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A Hidden Bonanza - Alumni Magazines
by Robert S. Nailor

You’ve seen them in doctors’, dentists’, legal offices or perhaps a friend’s home-–that great reminder of a possibly wild and oft remembered youth, the college alma mater magazine.

If you attended an Ivy League university or college, you probably receive them on a regular basis. You open it up, scan the pages and reminisce those by-gone days. Perhaps you may even read about one of your classmates. The magazine is an update of your past.

Let me point out that the main reason the alumni magazine exists is to create the urge to donate money to the college. The pages are laden filled with quiet requests for support.

But where do all those articles come from?

Some colleges have their own full-time editorial staff for the alumni magazine, others are shoestring affairs that barely make it from issue to issue.

This is where you come in. Between both ends of the editorial spectrum, from full-time to part-time staff, input is needed from outside the hallowed halls. Alumni magazines can only insert so much current news and financial information before they become just another piece of junk mail.

It is the personal articles, those stirring stories of other alumni, that grab the reader’s attention. It is these pages that tear at the alumni’s heart and purse strings.

It is these articles that YOU need to write.


There are several ways to put an article together. One example is to find somebody local that has invented, discovered, excelled or done some great charity job, such as a computer manager who recreates Indian lore for the local Scouts and received a community award for his efforts. Find out if this person attended college, where and when.

Now you need to contact that college and pitch your story. Be sure to send samples of prior work and a resume. Be professional at all times.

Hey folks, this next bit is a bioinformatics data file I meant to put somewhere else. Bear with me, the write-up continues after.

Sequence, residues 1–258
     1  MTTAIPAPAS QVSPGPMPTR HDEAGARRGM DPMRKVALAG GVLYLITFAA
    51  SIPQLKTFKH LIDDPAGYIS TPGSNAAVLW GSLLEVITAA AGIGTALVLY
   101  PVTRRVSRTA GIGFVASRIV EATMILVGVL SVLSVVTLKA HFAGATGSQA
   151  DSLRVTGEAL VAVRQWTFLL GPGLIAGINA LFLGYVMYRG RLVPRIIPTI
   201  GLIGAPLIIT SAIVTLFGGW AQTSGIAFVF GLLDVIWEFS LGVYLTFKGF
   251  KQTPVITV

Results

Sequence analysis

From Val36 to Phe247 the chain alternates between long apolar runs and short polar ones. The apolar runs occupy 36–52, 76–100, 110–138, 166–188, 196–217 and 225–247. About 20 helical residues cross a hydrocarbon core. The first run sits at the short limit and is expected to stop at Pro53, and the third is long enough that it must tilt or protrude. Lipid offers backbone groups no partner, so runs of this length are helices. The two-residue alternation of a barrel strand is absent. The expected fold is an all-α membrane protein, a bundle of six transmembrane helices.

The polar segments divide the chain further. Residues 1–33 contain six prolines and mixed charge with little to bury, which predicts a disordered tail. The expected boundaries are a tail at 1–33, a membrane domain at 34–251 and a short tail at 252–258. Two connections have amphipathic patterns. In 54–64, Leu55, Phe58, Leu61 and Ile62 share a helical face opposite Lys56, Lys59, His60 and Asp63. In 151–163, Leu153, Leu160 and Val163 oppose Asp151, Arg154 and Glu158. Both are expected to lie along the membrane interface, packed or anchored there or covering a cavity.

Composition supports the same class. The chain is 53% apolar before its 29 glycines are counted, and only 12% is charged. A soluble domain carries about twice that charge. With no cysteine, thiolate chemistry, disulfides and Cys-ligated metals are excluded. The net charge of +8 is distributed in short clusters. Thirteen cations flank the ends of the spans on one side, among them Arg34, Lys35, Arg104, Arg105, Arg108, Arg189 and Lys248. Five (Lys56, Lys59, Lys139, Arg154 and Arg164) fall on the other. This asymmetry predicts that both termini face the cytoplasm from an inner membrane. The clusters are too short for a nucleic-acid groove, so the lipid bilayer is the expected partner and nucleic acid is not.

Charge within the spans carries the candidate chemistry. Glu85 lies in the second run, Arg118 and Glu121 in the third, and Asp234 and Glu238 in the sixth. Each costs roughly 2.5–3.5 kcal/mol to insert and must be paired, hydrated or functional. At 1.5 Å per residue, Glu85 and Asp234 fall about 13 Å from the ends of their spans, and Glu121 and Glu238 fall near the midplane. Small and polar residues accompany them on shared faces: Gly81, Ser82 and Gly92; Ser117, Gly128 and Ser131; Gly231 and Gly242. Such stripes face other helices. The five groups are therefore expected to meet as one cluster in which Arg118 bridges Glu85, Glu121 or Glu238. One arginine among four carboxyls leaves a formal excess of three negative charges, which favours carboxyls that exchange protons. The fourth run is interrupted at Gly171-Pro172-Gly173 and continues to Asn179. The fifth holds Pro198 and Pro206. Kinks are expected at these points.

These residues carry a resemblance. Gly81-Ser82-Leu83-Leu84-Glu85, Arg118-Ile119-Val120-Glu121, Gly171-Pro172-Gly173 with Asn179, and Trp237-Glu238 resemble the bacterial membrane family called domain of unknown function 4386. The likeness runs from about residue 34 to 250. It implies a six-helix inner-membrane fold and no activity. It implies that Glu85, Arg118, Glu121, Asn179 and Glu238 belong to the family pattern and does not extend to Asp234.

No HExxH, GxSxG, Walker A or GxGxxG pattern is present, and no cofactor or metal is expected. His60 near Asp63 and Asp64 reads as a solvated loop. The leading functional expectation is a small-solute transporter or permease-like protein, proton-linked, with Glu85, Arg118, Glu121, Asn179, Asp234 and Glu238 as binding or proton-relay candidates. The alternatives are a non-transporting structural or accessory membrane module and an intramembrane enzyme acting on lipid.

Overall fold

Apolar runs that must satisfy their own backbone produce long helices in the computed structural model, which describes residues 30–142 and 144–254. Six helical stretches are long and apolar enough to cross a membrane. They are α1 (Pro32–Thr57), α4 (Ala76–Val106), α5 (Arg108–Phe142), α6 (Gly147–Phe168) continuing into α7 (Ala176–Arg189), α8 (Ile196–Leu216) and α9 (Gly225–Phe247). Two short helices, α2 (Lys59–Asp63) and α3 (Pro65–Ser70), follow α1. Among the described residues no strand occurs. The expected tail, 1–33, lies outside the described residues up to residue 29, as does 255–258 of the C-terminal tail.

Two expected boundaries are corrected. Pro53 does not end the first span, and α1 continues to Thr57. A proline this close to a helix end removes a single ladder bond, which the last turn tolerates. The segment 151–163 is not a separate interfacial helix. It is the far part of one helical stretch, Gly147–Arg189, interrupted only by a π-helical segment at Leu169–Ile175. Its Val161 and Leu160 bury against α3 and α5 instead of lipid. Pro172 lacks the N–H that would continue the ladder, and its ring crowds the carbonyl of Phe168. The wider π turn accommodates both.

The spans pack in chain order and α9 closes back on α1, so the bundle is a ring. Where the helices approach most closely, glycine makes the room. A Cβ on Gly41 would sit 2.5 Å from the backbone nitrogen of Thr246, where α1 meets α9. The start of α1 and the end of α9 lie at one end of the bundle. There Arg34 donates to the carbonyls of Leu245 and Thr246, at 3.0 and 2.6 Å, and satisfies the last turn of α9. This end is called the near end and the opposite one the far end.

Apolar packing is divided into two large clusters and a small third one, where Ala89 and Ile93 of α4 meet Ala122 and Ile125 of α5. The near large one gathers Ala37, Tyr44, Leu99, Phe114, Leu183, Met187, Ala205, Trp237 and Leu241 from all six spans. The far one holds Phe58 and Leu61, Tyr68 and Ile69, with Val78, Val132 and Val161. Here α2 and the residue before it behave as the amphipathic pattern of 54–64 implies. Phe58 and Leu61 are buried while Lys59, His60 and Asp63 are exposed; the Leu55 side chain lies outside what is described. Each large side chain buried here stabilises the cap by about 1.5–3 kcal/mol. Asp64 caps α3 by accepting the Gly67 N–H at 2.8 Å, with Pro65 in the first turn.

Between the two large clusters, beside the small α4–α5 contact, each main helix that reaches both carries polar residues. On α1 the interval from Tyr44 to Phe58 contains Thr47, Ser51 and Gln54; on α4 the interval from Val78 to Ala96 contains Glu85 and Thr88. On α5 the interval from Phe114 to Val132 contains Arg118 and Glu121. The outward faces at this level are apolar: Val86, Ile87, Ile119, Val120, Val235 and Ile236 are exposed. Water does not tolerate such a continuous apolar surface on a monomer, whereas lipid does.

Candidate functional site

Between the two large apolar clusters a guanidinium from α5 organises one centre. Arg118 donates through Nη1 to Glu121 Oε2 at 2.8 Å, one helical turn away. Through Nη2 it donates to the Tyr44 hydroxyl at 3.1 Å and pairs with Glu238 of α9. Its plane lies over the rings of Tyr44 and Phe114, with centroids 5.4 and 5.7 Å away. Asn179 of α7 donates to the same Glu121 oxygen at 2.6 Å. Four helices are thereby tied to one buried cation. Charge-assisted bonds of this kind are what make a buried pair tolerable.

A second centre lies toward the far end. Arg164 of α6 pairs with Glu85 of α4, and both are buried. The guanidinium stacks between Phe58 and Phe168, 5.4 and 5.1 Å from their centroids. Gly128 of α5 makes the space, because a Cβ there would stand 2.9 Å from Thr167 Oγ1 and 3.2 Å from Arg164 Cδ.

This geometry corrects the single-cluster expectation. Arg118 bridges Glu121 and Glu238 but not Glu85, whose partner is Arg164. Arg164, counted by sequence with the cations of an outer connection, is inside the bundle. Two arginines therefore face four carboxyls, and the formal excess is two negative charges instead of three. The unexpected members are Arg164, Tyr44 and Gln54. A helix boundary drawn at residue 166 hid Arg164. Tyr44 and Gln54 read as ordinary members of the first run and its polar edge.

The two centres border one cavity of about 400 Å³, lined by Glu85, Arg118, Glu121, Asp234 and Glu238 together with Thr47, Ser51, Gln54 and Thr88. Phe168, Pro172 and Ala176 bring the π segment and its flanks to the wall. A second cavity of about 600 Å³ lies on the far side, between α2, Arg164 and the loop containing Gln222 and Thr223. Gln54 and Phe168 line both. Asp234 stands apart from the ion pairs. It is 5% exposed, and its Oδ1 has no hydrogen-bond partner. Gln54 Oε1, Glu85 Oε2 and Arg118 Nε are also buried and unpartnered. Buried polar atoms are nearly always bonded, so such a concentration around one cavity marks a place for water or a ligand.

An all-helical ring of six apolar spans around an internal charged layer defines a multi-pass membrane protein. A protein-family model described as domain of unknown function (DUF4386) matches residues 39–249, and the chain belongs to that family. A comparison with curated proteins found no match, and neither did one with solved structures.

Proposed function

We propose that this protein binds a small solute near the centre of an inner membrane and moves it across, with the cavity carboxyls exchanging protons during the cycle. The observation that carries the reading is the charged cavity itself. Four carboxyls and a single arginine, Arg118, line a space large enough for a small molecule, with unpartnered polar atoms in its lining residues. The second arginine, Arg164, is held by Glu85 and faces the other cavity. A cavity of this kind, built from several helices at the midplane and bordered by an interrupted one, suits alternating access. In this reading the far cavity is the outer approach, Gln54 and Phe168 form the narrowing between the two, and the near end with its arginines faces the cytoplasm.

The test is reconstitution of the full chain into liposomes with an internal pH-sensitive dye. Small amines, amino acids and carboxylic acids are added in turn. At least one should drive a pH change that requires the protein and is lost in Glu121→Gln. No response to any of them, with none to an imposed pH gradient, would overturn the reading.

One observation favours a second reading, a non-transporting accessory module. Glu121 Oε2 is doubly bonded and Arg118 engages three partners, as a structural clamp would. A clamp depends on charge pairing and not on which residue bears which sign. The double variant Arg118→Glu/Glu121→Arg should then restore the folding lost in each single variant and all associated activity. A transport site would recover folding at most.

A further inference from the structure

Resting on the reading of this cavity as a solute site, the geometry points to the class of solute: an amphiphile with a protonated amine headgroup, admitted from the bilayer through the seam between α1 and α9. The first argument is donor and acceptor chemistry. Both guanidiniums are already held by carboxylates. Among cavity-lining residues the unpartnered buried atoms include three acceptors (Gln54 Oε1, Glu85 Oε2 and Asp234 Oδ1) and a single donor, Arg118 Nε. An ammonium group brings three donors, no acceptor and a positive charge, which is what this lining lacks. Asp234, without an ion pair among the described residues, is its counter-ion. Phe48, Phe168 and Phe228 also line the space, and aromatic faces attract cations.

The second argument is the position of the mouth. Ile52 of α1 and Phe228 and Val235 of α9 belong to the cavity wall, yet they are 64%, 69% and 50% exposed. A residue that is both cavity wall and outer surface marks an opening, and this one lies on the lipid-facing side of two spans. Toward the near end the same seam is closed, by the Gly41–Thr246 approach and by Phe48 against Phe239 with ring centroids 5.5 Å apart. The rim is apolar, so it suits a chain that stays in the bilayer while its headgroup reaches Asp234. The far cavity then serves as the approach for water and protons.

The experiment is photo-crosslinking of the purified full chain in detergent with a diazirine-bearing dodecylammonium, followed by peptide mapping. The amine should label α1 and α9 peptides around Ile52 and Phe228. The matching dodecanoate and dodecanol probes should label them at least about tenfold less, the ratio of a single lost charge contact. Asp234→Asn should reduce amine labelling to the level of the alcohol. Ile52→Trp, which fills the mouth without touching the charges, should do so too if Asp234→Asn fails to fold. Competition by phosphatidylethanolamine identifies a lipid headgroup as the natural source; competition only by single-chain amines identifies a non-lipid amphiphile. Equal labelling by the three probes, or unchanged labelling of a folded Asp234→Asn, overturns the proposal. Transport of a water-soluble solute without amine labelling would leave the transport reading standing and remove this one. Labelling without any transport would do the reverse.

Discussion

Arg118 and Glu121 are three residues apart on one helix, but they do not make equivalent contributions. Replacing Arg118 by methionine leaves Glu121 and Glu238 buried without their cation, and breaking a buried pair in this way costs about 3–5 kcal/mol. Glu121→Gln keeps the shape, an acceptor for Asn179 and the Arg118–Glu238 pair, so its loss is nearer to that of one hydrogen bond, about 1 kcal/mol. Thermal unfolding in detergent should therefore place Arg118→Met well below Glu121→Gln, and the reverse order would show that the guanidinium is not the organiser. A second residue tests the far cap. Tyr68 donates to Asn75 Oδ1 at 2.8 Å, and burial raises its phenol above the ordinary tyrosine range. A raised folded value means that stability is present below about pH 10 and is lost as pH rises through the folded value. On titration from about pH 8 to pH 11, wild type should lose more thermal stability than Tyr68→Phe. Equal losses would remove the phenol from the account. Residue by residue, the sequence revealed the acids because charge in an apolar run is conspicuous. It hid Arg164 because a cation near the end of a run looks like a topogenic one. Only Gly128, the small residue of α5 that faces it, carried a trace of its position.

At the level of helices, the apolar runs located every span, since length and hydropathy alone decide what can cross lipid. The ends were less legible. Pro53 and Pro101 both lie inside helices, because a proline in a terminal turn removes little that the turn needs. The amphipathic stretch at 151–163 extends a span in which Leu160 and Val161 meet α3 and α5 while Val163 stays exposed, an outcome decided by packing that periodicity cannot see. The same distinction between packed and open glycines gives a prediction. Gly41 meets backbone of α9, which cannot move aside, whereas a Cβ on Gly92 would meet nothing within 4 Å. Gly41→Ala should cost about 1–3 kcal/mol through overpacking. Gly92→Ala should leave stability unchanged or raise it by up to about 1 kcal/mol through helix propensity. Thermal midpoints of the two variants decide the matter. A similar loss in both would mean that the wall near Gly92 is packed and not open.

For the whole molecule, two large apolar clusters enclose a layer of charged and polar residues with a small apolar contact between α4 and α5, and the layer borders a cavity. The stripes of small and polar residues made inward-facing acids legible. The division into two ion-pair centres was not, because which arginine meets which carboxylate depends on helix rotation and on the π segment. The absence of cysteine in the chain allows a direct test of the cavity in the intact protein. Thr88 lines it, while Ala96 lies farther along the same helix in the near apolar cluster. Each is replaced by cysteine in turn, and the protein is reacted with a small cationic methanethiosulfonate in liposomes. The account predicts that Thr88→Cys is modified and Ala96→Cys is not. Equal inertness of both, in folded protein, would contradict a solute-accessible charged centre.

If the college is nearby, you may be able to schedule an appointment with the magazine editor. If you do, while you sell your idea, pick his brain for future possibilities.

The article must always tie back to the institution and reflect well upon it. It must also give a warm, fuzzy feeling to the reader so they will donate money. Attempt to research the school and find out everything you can to link it all together. The Internet is a great resource for college information, including classes, students (current and past) and background.

While researching you may find that the alumni magazine of your choice will have guidelines. Read the magazine’s requirements and write within those guidelines. Make sure you get familiar with the style by reading some back issues.

Approximately anywhere from 10% to 75% of the articles that appear in alumni magazines are from freelance writers. This is dependent upon the college and funding available. Therefore pay can be from a few dollars upward to $1000 for the right article to the right magazine. Most alumni magazines attempt to be commensurate with their national counterparts.

Most alumni magazines are published monthly, quarterly, semi-annually or annually; again dependent upon resources and size of college.

Create and develop a relationship with the editor and you may find yourself being given assignments that pay.

© Copyright 2001, Robert S. Nailor

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